• Journal of the Forensic Science Society 07/1994; 34(3):165–167. DOI:10.1016/S0015-7368(94)72909-1
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    ABSTRACT: The uprising of the Palestinian population (Intifada) against the Israeli occupation of the Gaza Strip and the West Bank, which erupted in December 1987, has resulted in the deaths of hundreds of Israeli citizens and Palestinian residents. The data on dead victims, as reported by two civil rights organizations of opposite political orientation and by the official military authority, are analyzed and compared with the information obtained from post-mortem examinations of some 65% of the victims carried out over the period 1987 to 1992. The agencies' reports were found to differ, sometimes markedly, from the official autopsy data in respect of number of deaths, their cause and manner. The study indicates a generally downward trend in the number of Palestinians killed by the Israeli Defence Forces, which could be the result of the wider use of rubber and plastic bullets, and a steady continuous increase in Israeli victims killed by the Palestinians, possibly accounted for by a shift from the use of "cold weapons" in favour of firearms, and an escalation in violence. It is suggested that the post-mortem examination should be an essential tool for the detection and documentation of possible abuse and bodily harm.
    Journal of the Forensic Science Society 07/1994; 34(4):225-9. DOI:10.1016/S0015-7368(94)72924-8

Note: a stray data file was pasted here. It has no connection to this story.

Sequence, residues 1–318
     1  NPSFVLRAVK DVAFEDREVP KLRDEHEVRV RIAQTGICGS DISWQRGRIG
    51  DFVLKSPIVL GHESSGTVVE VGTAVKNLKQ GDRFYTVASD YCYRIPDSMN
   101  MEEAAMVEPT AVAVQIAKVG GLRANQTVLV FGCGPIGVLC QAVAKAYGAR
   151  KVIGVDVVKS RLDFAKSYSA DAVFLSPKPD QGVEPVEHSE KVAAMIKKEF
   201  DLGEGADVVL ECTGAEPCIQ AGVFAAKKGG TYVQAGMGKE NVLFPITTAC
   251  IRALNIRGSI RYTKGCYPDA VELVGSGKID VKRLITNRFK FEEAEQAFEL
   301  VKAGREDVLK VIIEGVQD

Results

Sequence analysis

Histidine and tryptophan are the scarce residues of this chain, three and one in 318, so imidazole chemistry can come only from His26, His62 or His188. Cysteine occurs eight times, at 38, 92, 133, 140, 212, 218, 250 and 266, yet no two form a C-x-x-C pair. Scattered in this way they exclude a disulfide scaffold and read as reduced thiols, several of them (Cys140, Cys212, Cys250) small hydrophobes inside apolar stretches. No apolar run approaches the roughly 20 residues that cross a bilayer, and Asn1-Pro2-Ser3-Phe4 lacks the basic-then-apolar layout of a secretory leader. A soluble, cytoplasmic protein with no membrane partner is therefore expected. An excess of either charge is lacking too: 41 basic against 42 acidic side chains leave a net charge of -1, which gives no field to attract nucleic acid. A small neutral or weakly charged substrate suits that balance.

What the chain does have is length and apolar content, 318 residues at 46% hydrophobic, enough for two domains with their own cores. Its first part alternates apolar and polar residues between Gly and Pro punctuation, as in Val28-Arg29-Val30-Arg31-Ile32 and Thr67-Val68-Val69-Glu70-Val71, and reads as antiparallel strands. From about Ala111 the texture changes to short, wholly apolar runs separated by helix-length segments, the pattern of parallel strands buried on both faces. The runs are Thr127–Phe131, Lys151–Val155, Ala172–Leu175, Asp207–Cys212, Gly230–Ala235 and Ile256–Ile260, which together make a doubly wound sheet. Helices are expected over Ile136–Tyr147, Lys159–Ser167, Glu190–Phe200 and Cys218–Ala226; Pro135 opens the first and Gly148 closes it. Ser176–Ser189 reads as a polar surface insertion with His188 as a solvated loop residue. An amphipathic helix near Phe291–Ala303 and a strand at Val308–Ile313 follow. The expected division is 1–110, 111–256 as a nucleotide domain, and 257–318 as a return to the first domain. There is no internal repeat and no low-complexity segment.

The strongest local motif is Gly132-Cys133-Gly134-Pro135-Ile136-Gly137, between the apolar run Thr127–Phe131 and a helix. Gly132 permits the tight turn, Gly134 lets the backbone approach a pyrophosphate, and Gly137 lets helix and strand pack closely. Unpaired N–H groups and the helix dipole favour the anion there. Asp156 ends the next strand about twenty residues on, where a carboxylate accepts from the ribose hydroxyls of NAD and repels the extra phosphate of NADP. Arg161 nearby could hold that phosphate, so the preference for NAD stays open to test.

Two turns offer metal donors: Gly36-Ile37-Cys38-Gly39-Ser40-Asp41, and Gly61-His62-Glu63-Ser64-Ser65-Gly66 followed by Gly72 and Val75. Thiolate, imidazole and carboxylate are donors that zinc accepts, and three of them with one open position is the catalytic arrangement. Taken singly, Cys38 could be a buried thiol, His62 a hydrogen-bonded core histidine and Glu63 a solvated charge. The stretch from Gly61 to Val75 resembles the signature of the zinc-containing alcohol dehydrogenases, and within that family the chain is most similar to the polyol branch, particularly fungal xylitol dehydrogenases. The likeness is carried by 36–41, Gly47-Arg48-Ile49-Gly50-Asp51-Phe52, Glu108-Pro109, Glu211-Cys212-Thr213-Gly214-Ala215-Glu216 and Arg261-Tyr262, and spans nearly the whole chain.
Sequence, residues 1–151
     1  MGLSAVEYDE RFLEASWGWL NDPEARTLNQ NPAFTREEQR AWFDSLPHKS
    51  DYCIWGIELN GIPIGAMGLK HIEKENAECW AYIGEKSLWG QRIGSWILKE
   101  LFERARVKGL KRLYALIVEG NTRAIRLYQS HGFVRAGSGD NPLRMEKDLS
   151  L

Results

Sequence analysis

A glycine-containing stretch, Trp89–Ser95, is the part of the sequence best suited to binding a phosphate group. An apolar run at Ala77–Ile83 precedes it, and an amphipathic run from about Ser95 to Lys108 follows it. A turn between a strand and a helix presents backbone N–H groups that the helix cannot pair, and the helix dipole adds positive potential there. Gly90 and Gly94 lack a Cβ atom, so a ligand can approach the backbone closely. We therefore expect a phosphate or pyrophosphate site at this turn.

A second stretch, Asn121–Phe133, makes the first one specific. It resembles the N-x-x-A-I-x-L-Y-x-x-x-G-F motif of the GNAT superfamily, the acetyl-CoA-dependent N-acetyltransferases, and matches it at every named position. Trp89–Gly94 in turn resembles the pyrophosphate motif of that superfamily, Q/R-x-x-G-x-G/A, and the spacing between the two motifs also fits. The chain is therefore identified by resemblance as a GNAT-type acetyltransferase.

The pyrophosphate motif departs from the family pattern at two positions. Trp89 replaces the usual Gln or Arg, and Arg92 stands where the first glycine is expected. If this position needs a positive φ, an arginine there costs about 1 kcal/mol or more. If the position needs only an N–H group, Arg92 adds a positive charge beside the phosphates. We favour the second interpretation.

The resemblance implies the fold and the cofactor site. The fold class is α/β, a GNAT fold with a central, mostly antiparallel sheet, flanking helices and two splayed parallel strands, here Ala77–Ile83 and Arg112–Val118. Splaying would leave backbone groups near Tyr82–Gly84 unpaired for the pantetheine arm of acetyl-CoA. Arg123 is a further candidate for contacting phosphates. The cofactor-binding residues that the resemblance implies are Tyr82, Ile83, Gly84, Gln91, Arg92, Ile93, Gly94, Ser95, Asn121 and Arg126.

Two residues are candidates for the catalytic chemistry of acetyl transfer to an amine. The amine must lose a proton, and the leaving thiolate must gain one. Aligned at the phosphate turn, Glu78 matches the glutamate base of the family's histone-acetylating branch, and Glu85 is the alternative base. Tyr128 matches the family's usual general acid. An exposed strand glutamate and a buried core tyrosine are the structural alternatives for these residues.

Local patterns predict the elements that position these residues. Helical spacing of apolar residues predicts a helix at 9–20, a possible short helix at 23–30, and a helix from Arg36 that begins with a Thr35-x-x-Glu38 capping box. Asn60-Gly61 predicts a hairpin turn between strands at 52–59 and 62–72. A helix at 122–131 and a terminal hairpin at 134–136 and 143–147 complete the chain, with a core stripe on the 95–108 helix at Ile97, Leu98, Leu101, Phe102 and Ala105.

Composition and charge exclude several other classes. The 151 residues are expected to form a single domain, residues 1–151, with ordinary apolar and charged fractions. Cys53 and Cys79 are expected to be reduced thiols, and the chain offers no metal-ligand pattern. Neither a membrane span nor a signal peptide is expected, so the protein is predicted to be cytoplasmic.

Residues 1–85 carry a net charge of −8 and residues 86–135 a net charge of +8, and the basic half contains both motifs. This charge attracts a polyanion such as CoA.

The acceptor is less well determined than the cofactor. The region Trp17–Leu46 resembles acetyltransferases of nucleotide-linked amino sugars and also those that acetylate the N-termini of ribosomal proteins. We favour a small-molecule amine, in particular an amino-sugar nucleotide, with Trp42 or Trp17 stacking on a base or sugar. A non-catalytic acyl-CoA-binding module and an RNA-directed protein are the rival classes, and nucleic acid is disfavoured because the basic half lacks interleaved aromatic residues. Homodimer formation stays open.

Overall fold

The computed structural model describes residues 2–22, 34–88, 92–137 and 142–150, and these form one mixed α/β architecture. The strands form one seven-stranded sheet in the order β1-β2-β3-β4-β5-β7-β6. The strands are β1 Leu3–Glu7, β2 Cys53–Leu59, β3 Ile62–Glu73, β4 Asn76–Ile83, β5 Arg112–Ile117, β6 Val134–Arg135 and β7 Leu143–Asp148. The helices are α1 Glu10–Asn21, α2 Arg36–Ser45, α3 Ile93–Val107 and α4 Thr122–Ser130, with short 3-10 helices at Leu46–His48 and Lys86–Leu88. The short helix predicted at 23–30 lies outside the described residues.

• Journal of the Forensic Science Society 07/1994; 34(3):147-150. DOI:10.1016/S0015-7368(94)72906-6
  • GHG
    Journal of the Forensic Science Society 07/1994; 34(3):211. DOI:10.1016/S0015-7368(94)72919-4
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    ABSTRACT: A simple and efficient method for extracting human genomic DNA from microsamples of blood has been developed. This method used sodium perchlorate, chloroform, polymerised silica gel and a dumbbell-shape tube, instead of proteinase K and phenol. The entire process took less than two hours, and high molecular weight DNA, in high yield and purity, was obtained from a few microlitres of human blood. DNA prepared in this way can be easily digested with restriction endonucleases and has been employed for DNA profiling and the polymerase chain reaction.
    Journal of the Forensic Science Society 07/1994; 34(4):231-5. DOI:10.1016/S0015-7368(94)72925-X
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    ABSTRACT: An abortive investigation into an armed robbery is reported, and the need for the preservation of evidence, careful evaluation of the significance of negative results and integrated management of the investigations is described.
    Journal of the Forensic Science Society 07/1994; 34(3):151–154. DOI:10.1016/S0015-7368(94)72907-8
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    ABSTRACT: Defence wounds may be of value in differentiating between homicide, suicide and accidental death. A study of 3183 forensic autopsies in Istanbul between 1988 and 1989 showed that 195 deaths (6.1%) were due to stab wounds, and that defence wounds were found in 38.5% of the victims. Defence wounds were seen on 35.2% of males, and 54.5% of females; 39.7% of defence wounds were classified as 'active' and 60.3% as 'passive'; 40.5% were seen on the right hand and forearm, and 59.5% on the left side. There was no connection in this study between the occurrence of defence wounds and the consumption of alcohol by the victim before the stabbing.
    Journal of the Forensic Science Society 07/1994; 34(4):237-40. DOI:10.1016/S0015-7368(94)72926-1